The menu design for this release is pretty simple as we get a white strip along the bottom that features the navigation itself in large font while the feature name is along the left. It’s clean, simple and easy to load while also working well enough during playback as the popup menu. The bulk of the menu is given over to clips from the OVA that run through with different quiet scenes, action moments and some character panning sequences that helps to showcase the quality and design of the animation. It’s a solidly functional menu all around.

There’s a few extras here to be had and one of this pretty interesting in general with the TIFF version of the film. Running just under twenty-five minutes in length, it’s a special alternative version of the film that was done up for the Tokyo International Film Festival in 2007. It’s about half the length of the full feature and in some ways is much tighter and more interesting because of how it’s done. It likely won’t have a lot of appeal for most people, nor right after watching the main feature, but it’s definitely a fascinating look at the film from a different perspective. We also get a good interview with the director and a series of short interviews with the main Japanese cast.

Content: (please note that content portions of a review may contain spoilers)
Ten years after the original OVA series Kite came out and shocked plenty of people with its controversial material, Yasuomi Umetsu was finally brought back to the project that made him a name with Western fans. The original series saw plenty of controversy due to some of its underage material and the use of releasing a cut and uncut version – or multiple versions over the years that were less uncut. With this new feature, Umetsu keeps to the violence but the sexual side has diminished pretty strongly, which isn’t a surprise as he’s commented in the past that it wasn’t something he originally wanted to bring into the show too heavily.

Kite Liberator takes place several years after the events of the original series and it shifts its focus a bit as Sawa is nowhere to be found. This feature revolves around a similarly young character named Monaka who is living with her uncle that gets by on payments and benefits from her father. She lost her mother several years ago and her father is an astronaut on board an international space station so she hasn’t seen him in an age. Her distance from everything has made it easier for her to transition into the role of a young assassin that deals out punishment for money to deserving scum of the earth. When not doing that, Monaka spends her time either in school or working in a late night restaurant called Apollo.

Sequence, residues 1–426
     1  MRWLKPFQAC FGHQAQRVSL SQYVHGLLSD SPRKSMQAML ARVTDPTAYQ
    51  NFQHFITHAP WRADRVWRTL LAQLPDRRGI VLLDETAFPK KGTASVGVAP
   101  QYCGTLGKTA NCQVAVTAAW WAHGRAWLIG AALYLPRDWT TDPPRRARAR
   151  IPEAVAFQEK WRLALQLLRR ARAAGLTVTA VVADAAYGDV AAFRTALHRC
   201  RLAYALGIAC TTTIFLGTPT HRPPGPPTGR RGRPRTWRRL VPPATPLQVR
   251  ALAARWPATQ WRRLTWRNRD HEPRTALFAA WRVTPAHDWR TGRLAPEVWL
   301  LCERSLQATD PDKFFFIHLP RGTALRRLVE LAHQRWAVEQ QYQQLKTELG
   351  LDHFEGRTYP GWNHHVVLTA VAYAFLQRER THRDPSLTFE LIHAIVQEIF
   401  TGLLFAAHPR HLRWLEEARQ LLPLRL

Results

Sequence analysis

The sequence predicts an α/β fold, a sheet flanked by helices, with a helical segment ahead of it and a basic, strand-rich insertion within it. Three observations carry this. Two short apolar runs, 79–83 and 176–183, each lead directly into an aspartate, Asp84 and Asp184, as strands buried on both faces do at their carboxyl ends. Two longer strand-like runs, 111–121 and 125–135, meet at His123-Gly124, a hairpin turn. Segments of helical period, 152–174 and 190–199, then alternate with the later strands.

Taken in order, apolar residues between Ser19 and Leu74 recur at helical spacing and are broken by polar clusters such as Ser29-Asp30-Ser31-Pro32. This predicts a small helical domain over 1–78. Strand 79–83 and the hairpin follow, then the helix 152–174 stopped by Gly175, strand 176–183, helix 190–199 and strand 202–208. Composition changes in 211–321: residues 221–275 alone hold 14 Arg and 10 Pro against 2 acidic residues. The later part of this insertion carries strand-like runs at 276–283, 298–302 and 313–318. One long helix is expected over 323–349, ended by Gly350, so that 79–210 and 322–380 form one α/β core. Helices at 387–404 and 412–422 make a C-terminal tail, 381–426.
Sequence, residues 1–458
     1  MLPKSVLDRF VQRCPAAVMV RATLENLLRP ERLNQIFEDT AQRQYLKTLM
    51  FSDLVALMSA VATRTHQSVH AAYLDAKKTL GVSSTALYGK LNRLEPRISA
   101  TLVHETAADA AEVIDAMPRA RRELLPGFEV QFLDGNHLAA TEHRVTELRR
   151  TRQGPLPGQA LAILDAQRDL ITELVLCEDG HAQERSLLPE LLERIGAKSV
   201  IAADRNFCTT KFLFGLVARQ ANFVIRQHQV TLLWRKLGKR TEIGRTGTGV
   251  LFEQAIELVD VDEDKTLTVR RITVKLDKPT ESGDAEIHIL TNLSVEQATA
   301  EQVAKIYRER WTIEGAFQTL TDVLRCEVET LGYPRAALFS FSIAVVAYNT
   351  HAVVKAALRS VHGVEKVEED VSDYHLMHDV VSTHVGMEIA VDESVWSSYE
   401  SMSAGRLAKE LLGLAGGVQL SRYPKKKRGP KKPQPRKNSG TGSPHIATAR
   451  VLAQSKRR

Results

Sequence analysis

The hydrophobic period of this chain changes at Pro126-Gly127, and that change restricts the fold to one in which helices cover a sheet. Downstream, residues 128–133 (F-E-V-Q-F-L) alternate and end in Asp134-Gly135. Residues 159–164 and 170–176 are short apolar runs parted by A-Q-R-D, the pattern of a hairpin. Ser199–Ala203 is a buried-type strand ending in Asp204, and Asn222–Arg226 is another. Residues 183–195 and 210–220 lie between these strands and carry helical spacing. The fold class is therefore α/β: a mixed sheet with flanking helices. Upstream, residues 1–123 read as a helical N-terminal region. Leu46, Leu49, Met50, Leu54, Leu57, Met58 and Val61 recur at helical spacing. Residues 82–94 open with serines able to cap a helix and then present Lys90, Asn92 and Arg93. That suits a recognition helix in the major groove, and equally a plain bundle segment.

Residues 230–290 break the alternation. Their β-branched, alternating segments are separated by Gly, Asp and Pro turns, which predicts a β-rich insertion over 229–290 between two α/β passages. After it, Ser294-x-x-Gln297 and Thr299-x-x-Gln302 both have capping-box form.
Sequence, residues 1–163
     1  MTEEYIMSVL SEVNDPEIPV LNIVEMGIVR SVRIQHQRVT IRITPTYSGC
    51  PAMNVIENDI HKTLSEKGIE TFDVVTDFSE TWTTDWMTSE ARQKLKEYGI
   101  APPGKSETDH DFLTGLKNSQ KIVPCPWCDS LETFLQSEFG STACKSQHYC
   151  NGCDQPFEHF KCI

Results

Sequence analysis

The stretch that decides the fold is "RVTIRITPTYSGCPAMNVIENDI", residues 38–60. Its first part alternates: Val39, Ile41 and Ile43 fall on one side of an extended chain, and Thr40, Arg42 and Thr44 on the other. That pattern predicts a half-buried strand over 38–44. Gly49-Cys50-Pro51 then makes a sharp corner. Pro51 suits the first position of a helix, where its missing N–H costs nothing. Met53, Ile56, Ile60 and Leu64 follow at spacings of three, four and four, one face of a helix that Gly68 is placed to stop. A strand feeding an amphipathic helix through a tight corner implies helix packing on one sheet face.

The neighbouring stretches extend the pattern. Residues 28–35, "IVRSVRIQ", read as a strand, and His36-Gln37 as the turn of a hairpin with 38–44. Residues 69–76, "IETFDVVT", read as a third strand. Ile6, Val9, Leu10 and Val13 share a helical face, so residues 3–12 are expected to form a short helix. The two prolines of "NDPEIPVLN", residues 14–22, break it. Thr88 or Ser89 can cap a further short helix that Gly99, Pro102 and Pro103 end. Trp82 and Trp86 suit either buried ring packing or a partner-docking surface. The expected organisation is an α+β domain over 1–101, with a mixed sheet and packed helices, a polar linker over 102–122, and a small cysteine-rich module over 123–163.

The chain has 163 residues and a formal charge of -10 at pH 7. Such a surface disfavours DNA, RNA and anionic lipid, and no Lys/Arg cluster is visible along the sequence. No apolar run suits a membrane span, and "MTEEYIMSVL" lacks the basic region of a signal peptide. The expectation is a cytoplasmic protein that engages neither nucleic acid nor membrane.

While Monaka is getting about down on Earth with her life, her father’s life on board the space station is about to impact it heavily. The astronauts up there have been getting along somewhat better recently due to a new food that was created by Defy Foods which is simply called Space Food. The food is designed to help the astronauts cope better with the low gravity and calcium issues that arrive from living in space but it apparently didn’t go through proper testing. A pair of astronauts that got caught in a radiation storm from a solar flare end up mutating because of the food that’s in their system which results in the space station acquiring mutated monsters that hunger and thirst at an inhuman level. Or at least that’s the vibe they try to give off.

The feature goes back and forth for a bit between the two main storylines and we have a good bit of action happening on Earth with Monaka taking down some bad guys while fending off creeps that show up at the diner she works in as a waitress. The two storylines do eventually meet in a very predictable way and it turns into a decent sized conflagration as the diminutive Monaka battles one of the mutant monsters from space. The secondary cast filters throughout the film, such as the cop who is in love with her and the man who made the space food, but it’s all pretty inconsequential. The only potentially interesting character is another waitress named Mukai who gives off some heavy Sawa vibes with what she knows and understands.